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JimVsHumanity

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About JimVsHumanity

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  1. JimVsHumanity

    Forager: Optimization in GameMaker

    Really great article, very eye opening to the more high-end of dev in GameMaker.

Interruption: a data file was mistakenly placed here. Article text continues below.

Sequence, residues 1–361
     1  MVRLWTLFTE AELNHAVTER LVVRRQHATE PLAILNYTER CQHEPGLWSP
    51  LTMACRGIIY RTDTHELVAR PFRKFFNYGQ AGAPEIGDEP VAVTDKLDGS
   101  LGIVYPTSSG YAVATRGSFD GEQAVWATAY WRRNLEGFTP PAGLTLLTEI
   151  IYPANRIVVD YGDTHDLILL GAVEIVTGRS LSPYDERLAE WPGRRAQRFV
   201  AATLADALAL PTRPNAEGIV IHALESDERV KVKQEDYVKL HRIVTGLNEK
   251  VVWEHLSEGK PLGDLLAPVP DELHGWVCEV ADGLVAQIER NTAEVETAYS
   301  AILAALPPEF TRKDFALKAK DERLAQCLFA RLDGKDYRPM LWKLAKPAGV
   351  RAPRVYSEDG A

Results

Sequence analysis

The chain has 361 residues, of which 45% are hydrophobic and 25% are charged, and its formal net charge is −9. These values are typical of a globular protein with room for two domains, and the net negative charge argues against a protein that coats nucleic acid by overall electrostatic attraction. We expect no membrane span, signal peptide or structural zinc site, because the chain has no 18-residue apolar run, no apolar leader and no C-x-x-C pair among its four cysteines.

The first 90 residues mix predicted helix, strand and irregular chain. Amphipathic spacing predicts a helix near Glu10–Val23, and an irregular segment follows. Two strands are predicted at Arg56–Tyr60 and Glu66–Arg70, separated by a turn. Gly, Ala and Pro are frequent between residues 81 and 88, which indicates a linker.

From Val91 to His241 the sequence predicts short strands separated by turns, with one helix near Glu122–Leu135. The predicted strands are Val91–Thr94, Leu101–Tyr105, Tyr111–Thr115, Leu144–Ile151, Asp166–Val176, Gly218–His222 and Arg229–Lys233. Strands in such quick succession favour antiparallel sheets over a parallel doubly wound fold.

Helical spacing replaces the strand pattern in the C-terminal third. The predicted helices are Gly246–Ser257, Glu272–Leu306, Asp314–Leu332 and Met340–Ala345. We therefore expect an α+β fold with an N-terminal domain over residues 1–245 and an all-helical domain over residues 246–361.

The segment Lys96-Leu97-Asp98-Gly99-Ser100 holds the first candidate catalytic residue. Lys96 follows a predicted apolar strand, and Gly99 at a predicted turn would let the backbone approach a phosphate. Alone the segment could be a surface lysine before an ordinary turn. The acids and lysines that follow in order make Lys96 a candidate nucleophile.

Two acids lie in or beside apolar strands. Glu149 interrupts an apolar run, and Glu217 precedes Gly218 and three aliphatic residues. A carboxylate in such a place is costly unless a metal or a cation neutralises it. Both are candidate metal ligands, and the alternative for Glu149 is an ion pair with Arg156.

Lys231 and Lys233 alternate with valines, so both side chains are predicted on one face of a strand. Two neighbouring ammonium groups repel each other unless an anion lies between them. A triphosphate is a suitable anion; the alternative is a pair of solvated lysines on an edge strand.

2. This is an interesting, if massive, question. As for your other questions, it seems to me that you're jumping far ahead. Before the map, before the language, before the UI and all that: you have to know the model. That is, how the game acts. What provinces, what stats, how does a stat change, what makes up that stat, where this stuff is important. If a province attacks another province, does one have a defensive number, and the other province have an attacking number, and is there a random element on top of that? There is a lot of data to consider here, and how it all reacts is another thing. So you need to model all this, and work it out. For this, you can use spreadsheets. I have worked on many games that are spreadsheeted. Most strategy games can be turned into spreadsheets. Plague Inc (and by extension Rebel Inc) are all layed out in spreadsheets, that can be imported into the game. You can start by having column A being the names of a province, column B can be the defensive stat, column C the attacking stat. You can have random number generators to add on to these inside the spreadsheets too. The next step to that is maybe building a pen and paper version, using your model. Where a player can play it, and you can act as the "computer" and calculating the data that moves around. This way you can design, model and test your strategy game long before you build it for real. It's a lot of work, but it's a proven method to create brilliant strategy games.